Add a comment

 

consider scale Re: Risk-storming

Consider the scales. A medium impact may be 10 times the impact of low impact item; a high impact item may be 100 times. Considering the impact in terms of story points or $s or time can help adjust the scale. Likewise, a highly risky item may be much more than 3 times as risky as a low. Low risk might be 5% whereas high risk might be 75%. Depending on the scale, you may need to consider ALL your high impact risks first. Or maybe you may need to consider ALL your high probability risks first. Furthermore, large programs should probably use a Monte Carlo simulation to compute a risk adjusted schedule. Using the type of computation above to figure a schedule or cost adjustment would be a misapplication of "Expected Value" since (1) we aren’t dealing with discrete random variables, (2) the risks aren’t coming from one population of data (one random variable from one distribution), and (3) we generally aren’t repeating the experiment a large number of times, or at the very least aren't interested in the expected value over a large number of releases, but rather something more like an 85% confidence interval for THIS release. Another thing to consider is that distributions in IT scheduling are more likely to be Weibull distributions than normal distributions (they are likely to have a long tail). The authority on all this is a colleague of mine, Troy Magennis: http://focusedobjective.com/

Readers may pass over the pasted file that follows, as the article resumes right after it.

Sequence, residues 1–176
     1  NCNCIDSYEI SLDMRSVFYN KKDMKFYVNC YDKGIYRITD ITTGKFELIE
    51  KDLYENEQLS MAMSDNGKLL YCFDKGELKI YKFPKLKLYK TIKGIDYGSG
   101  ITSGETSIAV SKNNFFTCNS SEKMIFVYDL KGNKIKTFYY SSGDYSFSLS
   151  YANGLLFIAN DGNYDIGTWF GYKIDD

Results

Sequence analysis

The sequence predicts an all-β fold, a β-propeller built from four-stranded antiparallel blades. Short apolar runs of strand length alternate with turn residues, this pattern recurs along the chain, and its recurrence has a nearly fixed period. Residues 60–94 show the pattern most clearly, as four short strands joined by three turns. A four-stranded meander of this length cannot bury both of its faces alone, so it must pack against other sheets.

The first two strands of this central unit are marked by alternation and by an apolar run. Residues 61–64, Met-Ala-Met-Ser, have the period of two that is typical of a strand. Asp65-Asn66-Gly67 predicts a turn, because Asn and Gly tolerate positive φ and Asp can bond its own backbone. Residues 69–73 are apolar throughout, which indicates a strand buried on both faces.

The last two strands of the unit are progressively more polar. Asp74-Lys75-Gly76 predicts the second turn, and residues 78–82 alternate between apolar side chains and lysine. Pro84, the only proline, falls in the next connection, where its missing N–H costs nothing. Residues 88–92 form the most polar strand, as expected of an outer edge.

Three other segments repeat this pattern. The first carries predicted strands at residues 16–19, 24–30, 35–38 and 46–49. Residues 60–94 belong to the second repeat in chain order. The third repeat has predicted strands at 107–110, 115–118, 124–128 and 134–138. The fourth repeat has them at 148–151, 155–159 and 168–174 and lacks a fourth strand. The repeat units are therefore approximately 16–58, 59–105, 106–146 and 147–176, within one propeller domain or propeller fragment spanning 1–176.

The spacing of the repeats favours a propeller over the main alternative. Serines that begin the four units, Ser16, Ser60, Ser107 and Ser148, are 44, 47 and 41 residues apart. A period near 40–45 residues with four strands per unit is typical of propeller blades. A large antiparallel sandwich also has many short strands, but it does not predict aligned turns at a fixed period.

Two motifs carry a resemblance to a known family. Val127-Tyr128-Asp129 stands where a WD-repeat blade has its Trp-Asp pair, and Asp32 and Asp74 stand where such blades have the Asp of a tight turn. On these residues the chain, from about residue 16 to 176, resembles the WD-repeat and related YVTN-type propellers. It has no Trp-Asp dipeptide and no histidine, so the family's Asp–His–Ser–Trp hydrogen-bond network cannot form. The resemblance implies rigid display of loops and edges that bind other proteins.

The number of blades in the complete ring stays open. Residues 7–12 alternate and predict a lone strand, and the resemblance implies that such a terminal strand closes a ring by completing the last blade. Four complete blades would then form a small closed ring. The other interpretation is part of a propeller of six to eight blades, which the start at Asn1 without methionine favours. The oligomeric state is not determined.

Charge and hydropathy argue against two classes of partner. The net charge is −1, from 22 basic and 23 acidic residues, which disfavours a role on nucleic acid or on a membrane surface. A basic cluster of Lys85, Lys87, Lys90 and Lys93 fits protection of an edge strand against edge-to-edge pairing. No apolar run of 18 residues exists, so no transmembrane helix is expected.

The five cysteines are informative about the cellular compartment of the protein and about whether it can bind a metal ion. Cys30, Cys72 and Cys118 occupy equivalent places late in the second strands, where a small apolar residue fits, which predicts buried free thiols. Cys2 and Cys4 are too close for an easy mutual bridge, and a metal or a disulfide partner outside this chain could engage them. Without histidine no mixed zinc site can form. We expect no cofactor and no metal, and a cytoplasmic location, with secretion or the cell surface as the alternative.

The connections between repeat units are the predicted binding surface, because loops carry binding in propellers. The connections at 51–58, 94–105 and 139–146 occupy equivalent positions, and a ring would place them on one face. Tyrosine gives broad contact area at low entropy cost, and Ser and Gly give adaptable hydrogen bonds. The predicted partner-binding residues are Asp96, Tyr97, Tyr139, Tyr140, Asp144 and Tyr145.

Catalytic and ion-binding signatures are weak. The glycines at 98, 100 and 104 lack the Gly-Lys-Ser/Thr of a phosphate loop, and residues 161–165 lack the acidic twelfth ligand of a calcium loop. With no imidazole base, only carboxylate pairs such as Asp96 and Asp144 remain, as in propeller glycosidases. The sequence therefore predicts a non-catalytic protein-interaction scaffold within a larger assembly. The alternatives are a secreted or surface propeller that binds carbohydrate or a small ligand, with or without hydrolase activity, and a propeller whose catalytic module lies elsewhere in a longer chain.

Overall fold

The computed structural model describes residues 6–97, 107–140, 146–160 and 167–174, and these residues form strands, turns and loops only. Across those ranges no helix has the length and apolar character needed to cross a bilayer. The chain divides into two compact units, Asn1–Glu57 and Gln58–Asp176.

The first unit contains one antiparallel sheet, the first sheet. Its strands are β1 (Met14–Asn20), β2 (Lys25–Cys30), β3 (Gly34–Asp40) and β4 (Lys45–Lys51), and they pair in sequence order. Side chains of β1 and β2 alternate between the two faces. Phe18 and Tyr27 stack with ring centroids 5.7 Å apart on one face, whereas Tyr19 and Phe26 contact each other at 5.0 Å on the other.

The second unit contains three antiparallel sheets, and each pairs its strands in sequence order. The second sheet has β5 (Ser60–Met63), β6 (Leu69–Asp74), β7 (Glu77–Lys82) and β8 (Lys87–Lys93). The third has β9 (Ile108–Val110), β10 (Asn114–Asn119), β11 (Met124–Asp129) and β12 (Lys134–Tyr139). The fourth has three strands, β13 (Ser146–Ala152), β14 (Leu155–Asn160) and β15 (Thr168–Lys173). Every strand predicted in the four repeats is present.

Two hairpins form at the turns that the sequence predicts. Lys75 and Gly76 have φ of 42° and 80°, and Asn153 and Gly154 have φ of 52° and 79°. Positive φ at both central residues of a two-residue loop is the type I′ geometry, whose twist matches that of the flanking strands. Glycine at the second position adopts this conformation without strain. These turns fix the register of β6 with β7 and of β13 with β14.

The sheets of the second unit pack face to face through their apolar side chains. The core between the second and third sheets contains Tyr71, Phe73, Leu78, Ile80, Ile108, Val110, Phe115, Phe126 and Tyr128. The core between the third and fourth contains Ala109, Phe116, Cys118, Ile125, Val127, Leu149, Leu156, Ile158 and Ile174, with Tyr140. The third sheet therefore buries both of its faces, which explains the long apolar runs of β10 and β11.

consider scale Re: Risk-storming


Title
Body
HTML : b, strong, i, em, blockquote, br, p, pre, a href="", ul, ol, li, sub, sup
Name
E-mail address
Website
Remember me Yes  No 

E-mail addresses are not publicly displayed, so please only leave your e-mail address if you would like to be notified when new comments are added to this blog entry (you can opt-out later).